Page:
These magnificent candelabra belong to a celebrated group with variations to the designs of the branches. Of these
-four from the collection of the Princes Borghese, are reputedly in the Borghese Palace, Rome
-a further two, also originally Borghese and subsequently inherited by the Sicilian Princes Mocada di Paternò, are now in a Private Collection
-another pair, also with a Borghese provenance, was with Galerie Kugel, Paris
-and finally a set of four four-branch candelabra and another set of four with three branches are at the Museum für Angewandte Kunst, Vienna. These were acquired in Bremen in 1944. A pair were shown in the Kerzenleuchter aus acht Jahrhunderten exhibition in Frankfurt am Main, 2 December 1987 - 31 January 1988 and are illustrated in the catalogue of the same name by H. Hoos et al.
Although conclusive documentary evidence is lacking, the Moncado di Paternò and Borghese candelabra are believed to have been given originally to Principe Lanza by Queen Maria Carolina of Naples and Sicily (1753-1814). Queen Maria Carolina was the daughter of the Empress Maria Theresa of Austria and sister of Queen Marie-Antoinette. She married the Bourbon King Ferdinand IV of Naples in 1768 and through her familial ties commissioned exceptional furniture and objets d'art, mirroring her sister's taste for lacquer furniture in Paris by Riesener, as well as in Vienna. This suite of candelabra, with the subtle variations in design, may conceivably have originally been commissioned for diplomatic or Ambassadorial use.
Prince Lanza della Trabia, of the well known Sicilian noble family, was an erudite collector. An intimate of the Queen, he was appointed segretario per gli Affari di Guerra or Minister of War in around 1800. A celebrated connoisseur, his passion for antiquities is well demonstrated by his letter to Professor Sciná, as published in 1815, where he discusses the unique qualities of an Ancient Greek gold patera in his collection, which probably came from Agrigento in Sicily.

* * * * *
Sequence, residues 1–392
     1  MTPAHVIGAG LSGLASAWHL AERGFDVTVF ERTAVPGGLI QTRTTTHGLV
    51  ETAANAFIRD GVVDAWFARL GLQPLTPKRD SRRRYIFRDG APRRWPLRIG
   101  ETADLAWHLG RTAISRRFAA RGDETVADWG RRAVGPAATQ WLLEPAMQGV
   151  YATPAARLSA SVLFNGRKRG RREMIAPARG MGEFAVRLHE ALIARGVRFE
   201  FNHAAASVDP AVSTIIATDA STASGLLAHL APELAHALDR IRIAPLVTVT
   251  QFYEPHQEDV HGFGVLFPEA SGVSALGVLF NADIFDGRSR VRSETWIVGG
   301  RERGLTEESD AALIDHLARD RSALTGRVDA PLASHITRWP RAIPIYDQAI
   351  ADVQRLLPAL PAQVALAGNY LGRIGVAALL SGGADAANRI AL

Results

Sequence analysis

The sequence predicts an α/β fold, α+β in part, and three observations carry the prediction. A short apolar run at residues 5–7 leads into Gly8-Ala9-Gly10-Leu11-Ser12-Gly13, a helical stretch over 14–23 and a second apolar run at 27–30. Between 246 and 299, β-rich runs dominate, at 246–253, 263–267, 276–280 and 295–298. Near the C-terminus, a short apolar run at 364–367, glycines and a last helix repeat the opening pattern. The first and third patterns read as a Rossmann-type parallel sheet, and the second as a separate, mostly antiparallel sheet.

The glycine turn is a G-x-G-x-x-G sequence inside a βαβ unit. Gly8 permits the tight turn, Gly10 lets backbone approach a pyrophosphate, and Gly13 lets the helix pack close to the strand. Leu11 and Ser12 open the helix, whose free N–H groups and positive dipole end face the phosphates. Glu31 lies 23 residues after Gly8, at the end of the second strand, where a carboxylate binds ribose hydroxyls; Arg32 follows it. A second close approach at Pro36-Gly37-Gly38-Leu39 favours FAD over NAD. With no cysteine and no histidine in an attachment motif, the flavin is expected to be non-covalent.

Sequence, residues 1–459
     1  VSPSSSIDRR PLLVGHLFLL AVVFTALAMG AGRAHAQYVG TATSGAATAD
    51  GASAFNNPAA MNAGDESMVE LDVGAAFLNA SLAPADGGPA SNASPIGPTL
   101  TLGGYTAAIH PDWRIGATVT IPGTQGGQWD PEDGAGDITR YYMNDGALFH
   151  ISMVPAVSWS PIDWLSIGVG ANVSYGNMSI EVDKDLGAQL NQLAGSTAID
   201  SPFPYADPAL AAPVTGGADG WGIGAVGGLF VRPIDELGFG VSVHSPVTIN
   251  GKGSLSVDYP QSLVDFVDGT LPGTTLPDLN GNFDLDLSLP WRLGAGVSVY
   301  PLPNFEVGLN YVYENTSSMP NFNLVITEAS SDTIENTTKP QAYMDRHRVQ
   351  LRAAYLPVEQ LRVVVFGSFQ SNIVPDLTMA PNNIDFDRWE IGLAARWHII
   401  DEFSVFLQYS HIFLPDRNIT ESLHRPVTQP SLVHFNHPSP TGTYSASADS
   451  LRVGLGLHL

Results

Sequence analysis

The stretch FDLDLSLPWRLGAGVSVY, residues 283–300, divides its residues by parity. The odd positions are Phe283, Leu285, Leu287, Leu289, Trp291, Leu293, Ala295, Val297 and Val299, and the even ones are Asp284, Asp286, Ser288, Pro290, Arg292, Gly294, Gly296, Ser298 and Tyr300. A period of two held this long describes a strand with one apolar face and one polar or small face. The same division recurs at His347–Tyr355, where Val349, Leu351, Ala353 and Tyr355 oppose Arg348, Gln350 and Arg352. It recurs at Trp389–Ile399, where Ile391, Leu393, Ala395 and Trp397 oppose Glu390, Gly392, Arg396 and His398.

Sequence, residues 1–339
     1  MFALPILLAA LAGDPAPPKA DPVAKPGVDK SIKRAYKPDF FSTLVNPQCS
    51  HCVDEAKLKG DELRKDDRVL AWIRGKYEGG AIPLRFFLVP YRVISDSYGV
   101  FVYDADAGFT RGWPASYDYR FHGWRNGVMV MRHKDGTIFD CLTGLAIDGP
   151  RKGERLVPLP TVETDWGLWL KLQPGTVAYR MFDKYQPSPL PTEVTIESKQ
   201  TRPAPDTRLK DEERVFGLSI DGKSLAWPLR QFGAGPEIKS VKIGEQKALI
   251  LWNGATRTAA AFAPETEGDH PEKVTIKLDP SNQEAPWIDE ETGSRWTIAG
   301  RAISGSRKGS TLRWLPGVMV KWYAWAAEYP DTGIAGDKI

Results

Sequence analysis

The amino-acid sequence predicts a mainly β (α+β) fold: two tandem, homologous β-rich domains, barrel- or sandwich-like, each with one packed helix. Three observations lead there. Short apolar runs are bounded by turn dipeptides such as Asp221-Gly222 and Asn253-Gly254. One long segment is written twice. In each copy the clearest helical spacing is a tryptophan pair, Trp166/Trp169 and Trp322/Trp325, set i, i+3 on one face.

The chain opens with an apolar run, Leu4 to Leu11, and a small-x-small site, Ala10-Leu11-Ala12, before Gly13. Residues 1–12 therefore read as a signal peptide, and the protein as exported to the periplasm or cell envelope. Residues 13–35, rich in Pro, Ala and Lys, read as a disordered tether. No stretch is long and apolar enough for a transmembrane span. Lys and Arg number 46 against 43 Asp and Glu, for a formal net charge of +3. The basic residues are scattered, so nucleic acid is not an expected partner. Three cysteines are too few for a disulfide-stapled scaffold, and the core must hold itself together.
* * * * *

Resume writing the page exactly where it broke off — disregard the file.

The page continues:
'Tra i miei pezzi di antichità ho la fortuna di annoverarne uno, di cui nei gabinetti di Napoli, di Roma, e di Firenze un simile non vidi, e che meriti perciò l'attenzione de' dotti antiquarj. È desso una patera d'oro,,,' ('Among my antique works of art I have one, the like of which I have never seen before, not in the cabinets of Naples, or Rome or even Florence, this is certainly worthy of the attention of the finest antiquarians. I speak of a gold patera...'). This fascination with Antiquity suggests that these candelabra would have been very much to his taste.
These golden candelabra are designed in the late 18th Century Antique/Egyptian fashion, and evoke 'Love's triumph and lyric poetry'. Fettered serpents, emblematic of the powers of darkness and signifying the triumph of the sun-deity Isis, emerge from the Roman foliage of tripodic horn-scrolled candle-branches to guard the laurelled 'Roman-candelabra' that issue from the candlesticks' festive urns. The latter, of reed-gadrooned 'krater' shape, are raised on herm-tapered pillars, whose octagonal form echoes their 'Venus' pearl-wreathed 'altar' plinths. Such pearl-strings reflect the 'Etruscan' fashion promoted in England by the Rome-trained architect Robert Adam (d. 1792). While the candlestick-pillars, with their striated sunk-tablet pilasters and rectilinear Roman-tablet capitals appear to have evolved from an 'antique' pattern introduced by the Parisian doreur-ciseleur Pierre Gouthière (d.1813). The latter was adapted in the late 1760s by Messrs Boulton and Fothergill of Birmingham for their bacchic 'lion' patterned candlesticks on eight paw feet (N. Goodison, Ormolu: The Work of Matthew Boulton, London, 2002, p. 187 figs 133 and 134). Writing of such ornamental 'Furniture' and vase-candlesticks Boulton stated, 'whether it be French, Roman, Athenian, Egyptian, Arabesk, Etruscan or any other...I would have elegant simplicity the leading principle...'(Goodison ibid p. 66).
The candelabranches' theatric fusion of urns and serpents recalls the inspiration of Egyptian ornament in engravings published by the antiquarian G.B. Piranesi, as well as the 'Egyptian' scene engraved by Ignaz Alberti of Vienna for the 1791 edition of the libretto of Wolfgang Amadeus Mozart's, Die Zauberflöte (see J. S. Curl, Egyptomania, 1994, p.149).